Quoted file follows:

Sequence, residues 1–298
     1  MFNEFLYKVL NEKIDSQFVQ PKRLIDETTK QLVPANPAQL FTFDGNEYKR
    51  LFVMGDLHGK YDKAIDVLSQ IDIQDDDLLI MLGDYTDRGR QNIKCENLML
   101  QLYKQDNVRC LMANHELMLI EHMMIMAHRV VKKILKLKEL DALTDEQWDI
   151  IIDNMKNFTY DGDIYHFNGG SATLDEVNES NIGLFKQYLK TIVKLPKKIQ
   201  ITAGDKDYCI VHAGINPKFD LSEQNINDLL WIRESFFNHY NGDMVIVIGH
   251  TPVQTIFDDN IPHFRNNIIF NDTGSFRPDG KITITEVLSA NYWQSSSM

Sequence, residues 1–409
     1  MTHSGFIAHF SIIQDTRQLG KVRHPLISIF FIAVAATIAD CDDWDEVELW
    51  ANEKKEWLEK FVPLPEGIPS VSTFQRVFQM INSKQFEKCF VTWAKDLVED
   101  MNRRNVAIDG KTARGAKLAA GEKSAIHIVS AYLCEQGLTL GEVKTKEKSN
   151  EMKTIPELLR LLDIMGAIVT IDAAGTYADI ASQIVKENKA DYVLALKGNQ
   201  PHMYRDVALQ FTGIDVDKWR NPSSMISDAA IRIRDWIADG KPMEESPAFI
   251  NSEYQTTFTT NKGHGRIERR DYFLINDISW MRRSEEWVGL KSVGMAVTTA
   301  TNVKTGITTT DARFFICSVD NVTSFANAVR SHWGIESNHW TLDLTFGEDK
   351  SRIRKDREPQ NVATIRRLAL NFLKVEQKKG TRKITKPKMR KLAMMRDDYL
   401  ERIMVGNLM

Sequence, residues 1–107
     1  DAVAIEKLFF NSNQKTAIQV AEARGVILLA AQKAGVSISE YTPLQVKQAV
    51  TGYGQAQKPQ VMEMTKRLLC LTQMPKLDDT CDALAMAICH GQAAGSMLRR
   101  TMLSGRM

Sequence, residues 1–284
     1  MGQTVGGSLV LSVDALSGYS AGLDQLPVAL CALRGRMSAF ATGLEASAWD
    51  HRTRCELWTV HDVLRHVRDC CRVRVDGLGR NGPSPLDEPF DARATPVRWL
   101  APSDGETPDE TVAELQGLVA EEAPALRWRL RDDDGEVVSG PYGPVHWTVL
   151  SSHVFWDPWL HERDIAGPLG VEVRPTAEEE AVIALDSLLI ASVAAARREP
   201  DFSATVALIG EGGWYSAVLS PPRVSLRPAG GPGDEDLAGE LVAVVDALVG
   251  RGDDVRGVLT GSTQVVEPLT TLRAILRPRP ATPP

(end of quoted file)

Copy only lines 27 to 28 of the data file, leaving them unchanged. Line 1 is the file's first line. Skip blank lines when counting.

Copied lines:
   201  DFSATVALIG EGGWYSAVLS PPRVSLRPAG GPGDEDLAGE LVAVVDALVG
   251  RGDDVRGVLT GSTQVVEPLT TLRAILRPRP ATPP